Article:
BURLEY — This fall, the College of Southern Idaho’s off-campus centers are enrolling more degree-seeking students — who are taking more credits than in previous years — despite rather flat numbers expected at the main campus.
The CSI’s Mini-Cassia Center has 16 percent more degree-seeking students enrolled this year compared to last year at this time.
The center’s 327 degree-seeking students do not include high school students taking dual credit classes.
The overall number of credits students have signed up for is 2,449 compared to 1,900 at the same time last year, center Director Amy Christopherson said.
But the number of credits will continue to change until registration closes on Sept. 28.
CSI also has off-campus centers in Blaine County, Jerome and Gooding, which are showing signs of growth too.
Chris Bragg, associate dean of institutional effectiveness at CSI, said the official numbers at all campuses won’t be available until after Oct. 15 and right now remain in flux.
“That said,” he wrote in an email, “I can tell you that the three off-campus centers are all growing this year while it appears that enrollment at the CSI Twin Falls campus is flat at the moment.”
As of Sept. 20, the headcount at the main campus was down 2 percent and up 1 percent in credits, excluding dual credits.
But breaking students out by location is tough, he said, because students may attend classes at the Mini-Cassia Center, online and at the main campus.
If a student ends up being counted in all three buckets the numbers become inflated.
Last October, CSI had 7,063 students, which included all locations.
Bragg expects the number this year to come in around 7,000.
Earlier college conversations
Christopherson said the enrollment increases at the Mini-Cassia center means the college is doing a good job in meeting the needs of people in the community.
She attributes the center’s growth to several factors, including earlier college conversations occurring at the junior and senior high schools due to new college coordinators stationed at those schools.
CSI has 16 college coordinators at junior and senior high schools.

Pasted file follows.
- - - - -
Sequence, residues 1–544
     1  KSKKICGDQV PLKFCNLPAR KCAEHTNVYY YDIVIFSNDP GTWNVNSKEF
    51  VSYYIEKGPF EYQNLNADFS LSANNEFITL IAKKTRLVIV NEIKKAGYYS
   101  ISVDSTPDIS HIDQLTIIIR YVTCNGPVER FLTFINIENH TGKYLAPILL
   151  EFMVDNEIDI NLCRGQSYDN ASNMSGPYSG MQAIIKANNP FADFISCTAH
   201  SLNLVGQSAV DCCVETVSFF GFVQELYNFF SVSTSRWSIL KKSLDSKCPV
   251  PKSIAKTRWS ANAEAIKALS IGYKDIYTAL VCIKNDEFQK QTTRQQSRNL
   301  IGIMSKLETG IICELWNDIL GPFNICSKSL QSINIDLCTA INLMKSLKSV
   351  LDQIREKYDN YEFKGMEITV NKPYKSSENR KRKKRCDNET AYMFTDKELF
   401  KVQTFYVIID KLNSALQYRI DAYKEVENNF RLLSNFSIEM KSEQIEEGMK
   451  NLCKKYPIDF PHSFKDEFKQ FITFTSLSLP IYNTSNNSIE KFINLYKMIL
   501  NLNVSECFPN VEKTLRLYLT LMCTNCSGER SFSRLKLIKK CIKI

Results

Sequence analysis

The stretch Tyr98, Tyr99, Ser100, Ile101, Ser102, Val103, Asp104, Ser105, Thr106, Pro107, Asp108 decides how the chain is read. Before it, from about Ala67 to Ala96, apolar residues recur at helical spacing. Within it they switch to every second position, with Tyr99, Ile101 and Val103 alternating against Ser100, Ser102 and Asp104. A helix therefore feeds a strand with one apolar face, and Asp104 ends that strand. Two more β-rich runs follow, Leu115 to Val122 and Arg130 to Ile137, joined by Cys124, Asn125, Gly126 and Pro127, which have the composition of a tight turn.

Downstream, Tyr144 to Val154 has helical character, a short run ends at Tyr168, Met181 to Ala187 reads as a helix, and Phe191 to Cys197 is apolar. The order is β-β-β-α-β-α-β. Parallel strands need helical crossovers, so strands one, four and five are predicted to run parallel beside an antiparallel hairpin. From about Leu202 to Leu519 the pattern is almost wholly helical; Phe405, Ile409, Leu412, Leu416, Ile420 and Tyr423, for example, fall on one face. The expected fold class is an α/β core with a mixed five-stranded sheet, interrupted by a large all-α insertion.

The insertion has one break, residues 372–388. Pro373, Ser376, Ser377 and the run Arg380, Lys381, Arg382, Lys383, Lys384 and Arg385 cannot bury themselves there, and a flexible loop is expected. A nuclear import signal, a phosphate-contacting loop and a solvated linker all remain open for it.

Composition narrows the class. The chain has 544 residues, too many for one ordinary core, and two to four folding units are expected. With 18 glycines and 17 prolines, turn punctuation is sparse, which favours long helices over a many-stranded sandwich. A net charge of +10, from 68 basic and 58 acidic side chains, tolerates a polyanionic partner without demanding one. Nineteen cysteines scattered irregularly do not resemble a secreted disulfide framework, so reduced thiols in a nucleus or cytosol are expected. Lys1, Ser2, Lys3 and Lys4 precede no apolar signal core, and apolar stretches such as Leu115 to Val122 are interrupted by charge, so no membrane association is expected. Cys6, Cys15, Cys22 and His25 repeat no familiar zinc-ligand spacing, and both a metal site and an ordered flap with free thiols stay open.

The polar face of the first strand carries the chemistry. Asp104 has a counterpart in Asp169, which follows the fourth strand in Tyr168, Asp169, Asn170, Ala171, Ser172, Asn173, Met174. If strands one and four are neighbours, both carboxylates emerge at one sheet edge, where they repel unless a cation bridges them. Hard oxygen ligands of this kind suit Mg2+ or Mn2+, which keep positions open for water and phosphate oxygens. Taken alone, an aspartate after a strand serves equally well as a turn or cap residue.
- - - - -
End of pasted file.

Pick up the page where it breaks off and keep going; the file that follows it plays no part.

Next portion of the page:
“We are the face of CSI in the schools,” said Nicole Smith, early college coordinator stationed at schools in Raft River, Declo and Burley.
The coordinators advise students on career and college choices and help them make good decisions, Joann Wade, CSI coordinator at Oakley and Burley schools, said.
Her job, Wade said, is to help students sort out the reality of going away to college versus the advantages of starting college closer to home.
Heyburn sophomore Riley Cottom, 20, said he chose to attend college at the center because he already lived in the community and has a job here.
“It’s the perfect mix between high school and a university,” Cottom said.
He plans to continue his education after graduating from CSI and will pursue a master’s degree in business administration at a university.
Christopherson said other top factors for growth at the center include students finding more support for returning to school from employers and family members and the dedicated staff at the center.
Staff members go out of their way to advise students and they literally represent the school around the clock, she said.
“In this community we’ll have people approaching us with college questions at the gas station or at the football game,” Christopherson said.
Although the center has been in the community for decades, she said, the types of students enrolling has changed and expanded.
A September survey of Mini-Cassia students showed 84 percent are employed and 52 percent of the employed students work full time.
Seventy-three percent are female and 46 percent are Hispanic.
“I am really humbled to think what our students are sacrificing to be here,” Christopherson said. “They are going to school along with working, taking care of children and sometimes caring for elderly parents.”
An easy transition
CSI sophomore Zack McMurray, 18, of Burley said he chose the school because it was a way to get a low-cost, high-quality education, where all the core credits would transfer to in-state universities.
He would like to eventually pursue a bachelor’s degree in criminal justice through the military or a university.
Student adviser Tenille Claridge said the state’s Advanced Opportunities program, which pays 100 percent of the college credit costs for high school students taking dual credit classes, has probably also played a part in the center’ enrollment uptick.
Students who take dual credit courses in high school often decide it’s smart to finish their two-year degree at the center.
“I think it’s sometimes easier for them to continue on here,” Claridge said.
But academic students, Christopherson said, are just part of the enrollment equation.
Along with academic courses, the Mini-Cassia Center provides community education, career and college readiness, adult basic education, English language and workforce development classes, used by companies such as McCain Foods which is holding classes at the center this fall.
The Blaine County Center also offers credit-bearing coursework similar to the Mini-Cassia Center, Bragg said, but the Gooding Center offers limited credit-bearing coursework and the Jerome Center does not offer academic courses. All three centers offer community enrichment opportunities.
“They are fulfilling different roles in their communities,” he said.